(Paris) This sum is astronomical and makes sense when it comes to Albert Einstein: A manuscript in which the famous physicist prepared his theory of general relativity was auctioned for a record 11.6 million euros (16.5 million Canadian dollars), Tuesday in Paris.
Previous records for Einstein’s manuscript were $2.8 million ($3.4 million Canadian) in 2018 in New York City for a letter to God, and $1.56 million ($1.98 million Canadian) in 2017 in Jerusalem for a message about the secret of happiness.
The document, estimated to be worth between two and three million euros, was sold on Tuesday for 11.6 million euros in costs (14.5 million Canadian dollars). Unlike the one that broke the previous two records, it is a scientific working document, which makes it a rarity.
It is a 54-page signature manuscript written in 1913 and 1914, in Zurich (Switzerland), by German-born physicist, collaborator and confidant Michel Besseau.
“Documents of Einstein’s scientific signatures from this period, and in general from before 1919, are extremely rare,” he had emphasized before the sale of Christie’s, where the Agotis house was auctioned.
These started at 1.5 million (2.1 million) and flew in a few minutes, and ended with a fight between two buyers over the phone in increments of $285,000.
The nationality of the buyer was not known at the beginning of the evening. A hundred curious and collectors were present in the room, and none of them were bidders.
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According to Christie, it is to Besso’s credit that “the manuscript reached us, almost miraculously: Einstein probably would not have bothered to keep what seemed to him to be a working document.”
After his theory of special relativity, which had him demonstrating in 1905 the famous formula E = mc², Einstein began work on general relativity.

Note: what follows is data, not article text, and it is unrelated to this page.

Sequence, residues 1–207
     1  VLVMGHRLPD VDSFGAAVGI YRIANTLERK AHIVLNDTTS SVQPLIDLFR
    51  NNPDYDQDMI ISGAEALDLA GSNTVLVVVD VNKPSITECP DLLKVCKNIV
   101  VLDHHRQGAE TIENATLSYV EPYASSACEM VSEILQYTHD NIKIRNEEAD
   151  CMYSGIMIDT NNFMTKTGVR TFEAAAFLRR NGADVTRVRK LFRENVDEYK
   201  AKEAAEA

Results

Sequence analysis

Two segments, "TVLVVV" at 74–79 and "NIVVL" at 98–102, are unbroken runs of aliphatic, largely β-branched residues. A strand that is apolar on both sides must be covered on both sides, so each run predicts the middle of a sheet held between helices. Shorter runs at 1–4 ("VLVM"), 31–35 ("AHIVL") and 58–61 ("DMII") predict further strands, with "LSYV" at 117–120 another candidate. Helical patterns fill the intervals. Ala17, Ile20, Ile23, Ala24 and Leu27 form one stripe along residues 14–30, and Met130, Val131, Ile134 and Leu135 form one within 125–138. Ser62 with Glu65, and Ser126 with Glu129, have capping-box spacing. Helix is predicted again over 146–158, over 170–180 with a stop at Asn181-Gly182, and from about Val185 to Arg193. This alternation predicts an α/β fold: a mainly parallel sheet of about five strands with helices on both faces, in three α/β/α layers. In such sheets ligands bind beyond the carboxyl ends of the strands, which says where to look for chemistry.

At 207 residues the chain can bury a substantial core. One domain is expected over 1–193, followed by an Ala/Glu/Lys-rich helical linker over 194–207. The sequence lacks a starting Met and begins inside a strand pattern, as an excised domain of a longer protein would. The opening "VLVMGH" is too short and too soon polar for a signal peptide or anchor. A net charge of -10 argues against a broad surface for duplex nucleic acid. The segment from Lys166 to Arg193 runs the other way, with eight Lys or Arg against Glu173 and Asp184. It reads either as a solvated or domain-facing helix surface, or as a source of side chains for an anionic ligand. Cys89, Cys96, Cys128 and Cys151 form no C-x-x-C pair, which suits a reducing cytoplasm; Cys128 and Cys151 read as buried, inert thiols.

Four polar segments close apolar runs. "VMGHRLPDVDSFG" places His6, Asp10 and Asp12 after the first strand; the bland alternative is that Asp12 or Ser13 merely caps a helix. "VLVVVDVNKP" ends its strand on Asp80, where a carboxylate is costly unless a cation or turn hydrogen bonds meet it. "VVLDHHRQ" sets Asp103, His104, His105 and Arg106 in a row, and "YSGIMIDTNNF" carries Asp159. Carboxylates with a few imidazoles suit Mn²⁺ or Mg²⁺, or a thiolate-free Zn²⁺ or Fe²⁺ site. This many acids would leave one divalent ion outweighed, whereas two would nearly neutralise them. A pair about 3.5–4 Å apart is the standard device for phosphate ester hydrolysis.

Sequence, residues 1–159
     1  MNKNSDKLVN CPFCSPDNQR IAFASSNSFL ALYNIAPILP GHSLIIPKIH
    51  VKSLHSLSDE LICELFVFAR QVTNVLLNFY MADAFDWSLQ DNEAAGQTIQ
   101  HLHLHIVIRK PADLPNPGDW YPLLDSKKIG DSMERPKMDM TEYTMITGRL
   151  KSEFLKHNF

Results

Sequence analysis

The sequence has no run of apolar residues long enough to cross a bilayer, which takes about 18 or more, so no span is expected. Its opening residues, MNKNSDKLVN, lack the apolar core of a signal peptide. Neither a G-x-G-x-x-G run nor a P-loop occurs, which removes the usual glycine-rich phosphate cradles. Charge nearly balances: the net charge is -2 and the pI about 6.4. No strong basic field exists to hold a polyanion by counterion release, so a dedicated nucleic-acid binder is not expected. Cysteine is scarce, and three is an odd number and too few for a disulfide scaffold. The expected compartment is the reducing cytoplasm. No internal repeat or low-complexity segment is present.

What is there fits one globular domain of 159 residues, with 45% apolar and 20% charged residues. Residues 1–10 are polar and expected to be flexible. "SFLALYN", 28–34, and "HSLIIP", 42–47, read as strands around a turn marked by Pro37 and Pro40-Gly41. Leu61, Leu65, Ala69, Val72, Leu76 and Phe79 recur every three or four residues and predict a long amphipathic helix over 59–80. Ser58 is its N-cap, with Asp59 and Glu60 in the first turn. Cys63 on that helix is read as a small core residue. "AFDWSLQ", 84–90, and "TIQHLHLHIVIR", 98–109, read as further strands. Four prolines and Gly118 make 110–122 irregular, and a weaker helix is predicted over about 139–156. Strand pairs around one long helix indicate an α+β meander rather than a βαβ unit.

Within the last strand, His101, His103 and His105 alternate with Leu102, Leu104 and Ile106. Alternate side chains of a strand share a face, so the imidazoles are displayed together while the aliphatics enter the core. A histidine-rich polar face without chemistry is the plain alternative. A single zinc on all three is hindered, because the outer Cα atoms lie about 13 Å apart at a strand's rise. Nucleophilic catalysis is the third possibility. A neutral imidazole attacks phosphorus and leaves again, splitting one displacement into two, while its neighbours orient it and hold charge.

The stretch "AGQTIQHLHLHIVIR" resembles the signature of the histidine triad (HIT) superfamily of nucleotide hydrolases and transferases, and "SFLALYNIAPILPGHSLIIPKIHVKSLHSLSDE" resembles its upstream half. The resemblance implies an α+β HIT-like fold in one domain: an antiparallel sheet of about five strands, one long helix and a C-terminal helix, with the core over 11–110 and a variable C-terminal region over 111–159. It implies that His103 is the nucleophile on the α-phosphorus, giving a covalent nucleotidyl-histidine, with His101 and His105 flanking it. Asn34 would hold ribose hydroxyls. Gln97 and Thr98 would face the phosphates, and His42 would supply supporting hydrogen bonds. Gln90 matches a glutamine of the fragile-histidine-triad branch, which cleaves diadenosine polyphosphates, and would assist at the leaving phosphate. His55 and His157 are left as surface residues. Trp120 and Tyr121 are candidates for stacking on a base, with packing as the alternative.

This theory of gravity, finally published in November 1915, revolutionized our understanding of the universe. Einstein died in 1955 at the age of 76, and became as much a symbol of scientific genius as he became a popular figure, with the famous 1951 photograph where his tongue sticks out.
In early 1913, he and Besso addressed “one of the problems the scientific community has faced for decades: anomalies in the orbit of Mercury,” Christie’s recalls. The two worlds will solve this puzzle.
Not in the false accounts on this manuscript, which counts “a certain number of errors that have gone unnoticed.” When Einstein discovered them, he was no longer interested in this manuscript that Besso had taken.
“For being one of only two working manuscripts documenting the genesis of general relativity that has survived, it is an extraordinary testament to Einstein’s work and allows us to plunge into the mind of the greatest scientists of the 20th century,” according to Christie.
The other known document from this crucial period in the physicist’s research, known as the “Zurich Notebook” (late 1912, early 1913), is actually kept in the Einstein Archives of the Hebrew University of Jerusalem.
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